It does seem that it’s really catching on in my field (Philosophy); it certainly started with the logicians and philosophers of science, but has definitely spread even to those whose work has relatively little formalism. (I know a few ethicists using it.)

Some of us even started the PhilTeX forums and blog dedicated to LaTeX for philosophy (and other humanities)

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    bonus points for mentioning PhilTeX! I keep trying to get people in my philosophy department to use it, but people are scared of "compiling" "code" and non-WYSIWYG nature of TeX. (I refuse to condone LyX: I think it's totally against what LaTeX is supposed to be about...)
    – Seamus
    Commented Aug 4, 2010 at 17:15
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    I spoke to a philosopher some years back who had switched from Word to Latex for ethical reasons, and asked me about what my opinion was as to the best Linux distribution for a similarly motivated switch. I was taken aback. Commented Aug 10, 2010 at 13:14

In addition to what has already been said, a couple of publishers use some variant of TeX for the books they release, sometimes as their only typesetting software. I'm aware of a least half a dozen such small publishing houses in Europe and North America; they use it for all kind of books, not only scientific ones. And of course, big scientific publishers like Springer or Elsevier use TeX extensively because they deal with lots of mathematics texts.

But one of my funniest encounters with TeX was when I overheard two staff members in a big Chinese bookshop in Paris discussing how to process documents with TeX; I think they used it to produce the shop’s catalogue (and needed it to typeset Chinese).

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    Our micro-publishing house not only uses ConTeXt exclusively to typeset our books. It was founded precisely because ConTeXt and it's huge free documentation was available.
    – helcim
    Commented Feb 24, 2011 at 8:38
  • That's something you need to say on the ConTeXt list next time there is a big rant about the lack of documentation :-) Commented Apr 8, 2011 at 10:26
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    huge free documentation was available I am still waiting for the first book on ConTeXt to be published.
    – Nasser
    Commented Feb 22, 2014 at 23:24
  • @Nasser it wouldn't be free.
    – user4686
    Commented May 19, 2014 at 6:33

I use it for any important, customer facing documentation for our software company. That means, all of our contracts, product catalogs and product documentation. The fact that you can throw it into source control so nicely is huge! It's the only truly cross-platform tool that I know of, outside of InDesign. Also, nothing on earth does cross-referencing or indexing nearly as well.

Finally, for our product catalog, I use the DataTool. I'm able to save the product pricing spreadsheet out of Numbers or Excel and create 12 specific versions our price sheet. We're a small company and there is no way we would price our products or have as many specific kinds of dealers without LaTeX, just because there is no other, efficient way to do what we do with it.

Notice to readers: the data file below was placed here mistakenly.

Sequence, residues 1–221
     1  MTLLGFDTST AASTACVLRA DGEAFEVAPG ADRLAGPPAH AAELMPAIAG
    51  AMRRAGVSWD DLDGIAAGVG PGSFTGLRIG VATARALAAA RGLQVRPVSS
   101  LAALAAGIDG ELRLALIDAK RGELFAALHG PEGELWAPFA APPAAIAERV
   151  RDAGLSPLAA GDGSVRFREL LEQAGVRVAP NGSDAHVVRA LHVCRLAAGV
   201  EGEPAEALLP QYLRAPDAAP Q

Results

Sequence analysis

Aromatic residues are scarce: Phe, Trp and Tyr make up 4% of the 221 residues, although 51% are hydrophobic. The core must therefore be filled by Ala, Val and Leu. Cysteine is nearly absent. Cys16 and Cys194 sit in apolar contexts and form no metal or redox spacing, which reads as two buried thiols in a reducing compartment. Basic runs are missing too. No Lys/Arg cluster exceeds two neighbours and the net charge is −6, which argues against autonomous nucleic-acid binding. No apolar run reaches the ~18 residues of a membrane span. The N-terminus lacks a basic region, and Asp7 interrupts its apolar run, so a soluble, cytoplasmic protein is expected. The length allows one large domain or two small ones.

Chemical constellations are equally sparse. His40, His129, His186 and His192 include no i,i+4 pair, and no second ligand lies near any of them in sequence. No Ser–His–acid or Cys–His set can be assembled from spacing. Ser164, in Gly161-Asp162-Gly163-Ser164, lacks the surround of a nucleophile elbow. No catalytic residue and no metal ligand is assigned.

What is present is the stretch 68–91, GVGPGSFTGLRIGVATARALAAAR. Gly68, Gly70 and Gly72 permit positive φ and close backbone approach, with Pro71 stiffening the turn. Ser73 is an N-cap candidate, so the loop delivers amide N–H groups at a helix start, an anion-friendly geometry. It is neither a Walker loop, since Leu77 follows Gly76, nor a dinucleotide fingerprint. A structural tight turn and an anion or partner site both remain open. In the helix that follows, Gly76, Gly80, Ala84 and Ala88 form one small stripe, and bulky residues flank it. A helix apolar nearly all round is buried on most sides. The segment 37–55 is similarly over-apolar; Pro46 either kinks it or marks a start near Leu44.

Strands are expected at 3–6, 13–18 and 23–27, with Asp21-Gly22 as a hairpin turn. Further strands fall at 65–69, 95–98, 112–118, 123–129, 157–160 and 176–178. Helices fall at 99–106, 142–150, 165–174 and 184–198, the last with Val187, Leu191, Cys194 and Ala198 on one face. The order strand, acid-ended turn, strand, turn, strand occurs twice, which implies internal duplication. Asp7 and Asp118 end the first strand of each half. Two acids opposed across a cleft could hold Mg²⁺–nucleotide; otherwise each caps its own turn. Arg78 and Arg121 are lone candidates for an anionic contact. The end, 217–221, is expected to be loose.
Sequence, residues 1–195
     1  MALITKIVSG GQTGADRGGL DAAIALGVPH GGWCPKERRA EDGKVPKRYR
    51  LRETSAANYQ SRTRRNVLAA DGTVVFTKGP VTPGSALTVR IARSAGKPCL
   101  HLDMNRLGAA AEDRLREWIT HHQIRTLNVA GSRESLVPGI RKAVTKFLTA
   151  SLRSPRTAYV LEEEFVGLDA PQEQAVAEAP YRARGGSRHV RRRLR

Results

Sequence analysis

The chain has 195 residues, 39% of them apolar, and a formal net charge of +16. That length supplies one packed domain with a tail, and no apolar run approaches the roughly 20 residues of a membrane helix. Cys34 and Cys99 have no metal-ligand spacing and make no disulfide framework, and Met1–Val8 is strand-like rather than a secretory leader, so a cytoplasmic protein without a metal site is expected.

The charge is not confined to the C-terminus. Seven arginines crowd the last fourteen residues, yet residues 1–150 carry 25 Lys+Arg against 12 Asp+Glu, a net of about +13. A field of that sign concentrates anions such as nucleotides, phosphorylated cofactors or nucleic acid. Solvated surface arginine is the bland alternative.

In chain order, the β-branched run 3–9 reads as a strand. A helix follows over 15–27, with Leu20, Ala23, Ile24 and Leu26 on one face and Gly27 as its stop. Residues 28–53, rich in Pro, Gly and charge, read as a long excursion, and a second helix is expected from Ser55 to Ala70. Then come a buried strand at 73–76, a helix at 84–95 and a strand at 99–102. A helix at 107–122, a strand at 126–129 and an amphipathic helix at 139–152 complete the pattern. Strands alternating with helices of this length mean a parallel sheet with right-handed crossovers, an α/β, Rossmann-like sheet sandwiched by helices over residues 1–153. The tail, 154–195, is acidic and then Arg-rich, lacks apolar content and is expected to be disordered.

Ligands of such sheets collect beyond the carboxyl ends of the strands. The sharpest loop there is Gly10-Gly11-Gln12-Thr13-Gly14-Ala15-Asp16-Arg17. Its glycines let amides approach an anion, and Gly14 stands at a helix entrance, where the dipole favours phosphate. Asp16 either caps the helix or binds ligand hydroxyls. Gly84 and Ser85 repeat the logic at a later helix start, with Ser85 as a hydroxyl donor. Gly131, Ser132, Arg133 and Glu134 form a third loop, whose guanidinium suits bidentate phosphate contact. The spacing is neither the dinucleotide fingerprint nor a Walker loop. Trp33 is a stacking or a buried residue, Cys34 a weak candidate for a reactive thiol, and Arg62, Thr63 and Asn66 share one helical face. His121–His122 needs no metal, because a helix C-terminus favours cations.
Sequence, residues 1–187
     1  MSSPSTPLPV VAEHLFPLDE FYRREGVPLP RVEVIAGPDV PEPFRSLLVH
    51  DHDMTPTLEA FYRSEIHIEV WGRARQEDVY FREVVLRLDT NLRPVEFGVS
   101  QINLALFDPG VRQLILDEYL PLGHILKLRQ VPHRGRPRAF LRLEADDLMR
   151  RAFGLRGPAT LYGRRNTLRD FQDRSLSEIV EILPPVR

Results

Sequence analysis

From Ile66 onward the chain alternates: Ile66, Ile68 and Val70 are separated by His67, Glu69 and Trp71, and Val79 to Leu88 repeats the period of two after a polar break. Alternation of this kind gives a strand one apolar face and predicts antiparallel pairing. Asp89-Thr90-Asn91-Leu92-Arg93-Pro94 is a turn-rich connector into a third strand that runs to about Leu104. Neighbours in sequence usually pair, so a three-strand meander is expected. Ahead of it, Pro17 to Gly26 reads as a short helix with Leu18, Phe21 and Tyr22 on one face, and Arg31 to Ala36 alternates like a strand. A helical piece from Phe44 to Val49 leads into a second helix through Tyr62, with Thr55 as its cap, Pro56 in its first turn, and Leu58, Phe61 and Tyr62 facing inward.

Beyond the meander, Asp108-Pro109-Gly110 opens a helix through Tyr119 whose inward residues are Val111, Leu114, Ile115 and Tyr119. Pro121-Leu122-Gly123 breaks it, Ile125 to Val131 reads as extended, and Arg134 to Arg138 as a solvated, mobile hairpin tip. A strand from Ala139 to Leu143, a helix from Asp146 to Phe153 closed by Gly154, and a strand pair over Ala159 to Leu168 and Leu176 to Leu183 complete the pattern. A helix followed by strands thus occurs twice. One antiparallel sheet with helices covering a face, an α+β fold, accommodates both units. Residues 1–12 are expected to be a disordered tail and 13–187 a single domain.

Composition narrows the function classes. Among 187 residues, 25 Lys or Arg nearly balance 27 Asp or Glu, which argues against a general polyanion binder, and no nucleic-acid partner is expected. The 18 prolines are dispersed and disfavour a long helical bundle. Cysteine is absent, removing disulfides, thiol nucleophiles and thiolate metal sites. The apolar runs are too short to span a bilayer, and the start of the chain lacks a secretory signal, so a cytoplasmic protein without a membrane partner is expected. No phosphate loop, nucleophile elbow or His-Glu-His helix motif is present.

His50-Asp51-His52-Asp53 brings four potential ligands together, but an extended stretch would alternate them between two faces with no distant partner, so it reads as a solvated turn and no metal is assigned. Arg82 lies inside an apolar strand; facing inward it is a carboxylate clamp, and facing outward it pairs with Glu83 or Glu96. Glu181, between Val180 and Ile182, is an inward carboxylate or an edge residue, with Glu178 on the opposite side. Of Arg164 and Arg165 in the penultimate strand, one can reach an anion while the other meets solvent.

Every now and again, we think, "Is there something easier that the rest of our staff would pick up more readily?" We always come back to LaTeX. Sometimes, it's a little bit hard to do a really complicated and important thing.


I produce work --- essays, poetry, broadsides --- using both digital (LaTeX) and traditional letterpress (lead type, ink, mechanical press) technologies. LaTeX is invaluable for trying layouts before the time consuming effort of letterpress work, especially for books consisting of several signatures.

LaTeX is also used (by others) to create critical editions of texts in many languages.

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    Welcome to TeX.sx! You don't have to sign with your name since it automatically appears in the lower right corner of your post.
    – Werner
    Commented Feb 24, 2012 at 20:47
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    A warm welcome to Peter, trusting that he will give valuable contributions to the community.
    – egreg
    Commented Feb 24, 2012 at 20:50

I use LaTeX to produce my illustrated children's books. Introduce kids to TeX before they've even heard of a word processor :-)

Image of dedication

I was asked by children at an infant school book reading how I produce my books so I told them about LaTeX (although I'm not sure how much of it they understood).

I also used LaTeX (with memoir and microtype) to produce a novel. TeX and LaTeX also get a mention in that book:

Typeset using Professor Donald Knuth's magnificent TeX engine with Dr Leslie Lamport's LaTeX format

(I know that may not be technically accurate since I used LaTeX2e, developed by the LaTeX Project team, rather than LaTeX2.09, developed by Lamport, but there wasn't enough space to elaborate. However it has generated some interest in TeX and LaTeX when I talk at literary events.)

And naturally I used LaTeX to typeset my LaTeX text books :-)